Delfin, a shirtless old man in a New York Yankees cap, proudly fingers the medals on the military uniform hanging on the wall of his small home in the Sierra Maestra mountains of Cuba. The uniform belongs to his son, one of more than 400,000 Cuban soldiers and civilians sent to Angola between 1975 and 1991 in support of the country's left-wing government. Two thousand of them were killed. Three decades after he served, Delfin's son remains troubled by trauma.
DECEMBER DAYS shows some of the ways in which the mission to Angola—a massive solidarity effort from a small country—touched the lives of ordinary Cubans. We meet an elderly woman who lost both her sons (one expresses happiness "to be fighting for the oppressed peoples" in a letter home), veterans who live in wretched housing and feel forgotten, an award-winning journalist who covered the war, and an archivist who goes to great lengths to identify individual Cubans in photos from Angola.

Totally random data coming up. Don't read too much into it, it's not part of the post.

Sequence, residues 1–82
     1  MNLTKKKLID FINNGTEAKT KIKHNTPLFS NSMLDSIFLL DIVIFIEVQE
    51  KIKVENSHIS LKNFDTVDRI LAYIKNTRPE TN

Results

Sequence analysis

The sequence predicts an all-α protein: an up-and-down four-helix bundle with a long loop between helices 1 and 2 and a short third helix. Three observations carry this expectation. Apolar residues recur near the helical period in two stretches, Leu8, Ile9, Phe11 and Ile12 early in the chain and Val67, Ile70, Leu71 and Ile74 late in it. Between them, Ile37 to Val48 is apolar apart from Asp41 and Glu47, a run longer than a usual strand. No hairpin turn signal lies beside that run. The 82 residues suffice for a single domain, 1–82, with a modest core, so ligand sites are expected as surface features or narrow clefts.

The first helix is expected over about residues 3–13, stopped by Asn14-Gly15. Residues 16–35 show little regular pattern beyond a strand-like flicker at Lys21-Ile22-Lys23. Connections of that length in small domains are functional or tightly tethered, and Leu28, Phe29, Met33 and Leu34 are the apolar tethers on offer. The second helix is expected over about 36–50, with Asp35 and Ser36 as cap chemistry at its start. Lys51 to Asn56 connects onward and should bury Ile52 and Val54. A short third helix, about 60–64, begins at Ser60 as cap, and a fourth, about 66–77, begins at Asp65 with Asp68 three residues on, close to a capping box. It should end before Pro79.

Interspersed with propaganda footage of the mission, old documentaries, and scenes from the 1984 Cuban soap opera Something More than a Dream, DECEMBER DAYS is a poignant film about a nearly forgotten episode that marked a generation of Cubans and their families.